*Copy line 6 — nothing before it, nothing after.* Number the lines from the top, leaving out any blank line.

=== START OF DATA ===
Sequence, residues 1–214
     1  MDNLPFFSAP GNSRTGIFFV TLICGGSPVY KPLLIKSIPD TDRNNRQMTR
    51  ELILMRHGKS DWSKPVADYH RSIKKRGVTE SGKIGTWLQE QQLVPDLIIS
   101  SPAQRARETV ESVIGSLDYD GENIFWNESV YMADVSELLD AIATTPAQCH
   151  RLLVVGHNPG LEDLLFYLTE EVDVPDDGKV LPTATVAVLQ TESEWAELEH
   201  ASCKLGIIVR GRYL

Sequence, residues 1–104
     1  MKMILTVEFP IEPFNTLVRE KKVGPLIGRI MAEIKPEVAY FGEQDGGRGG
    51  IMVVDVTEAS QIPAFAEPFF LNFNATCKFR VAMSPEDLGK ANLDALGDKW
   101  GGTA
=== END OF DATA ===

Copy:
   201  ASCKLGIIVR GRYL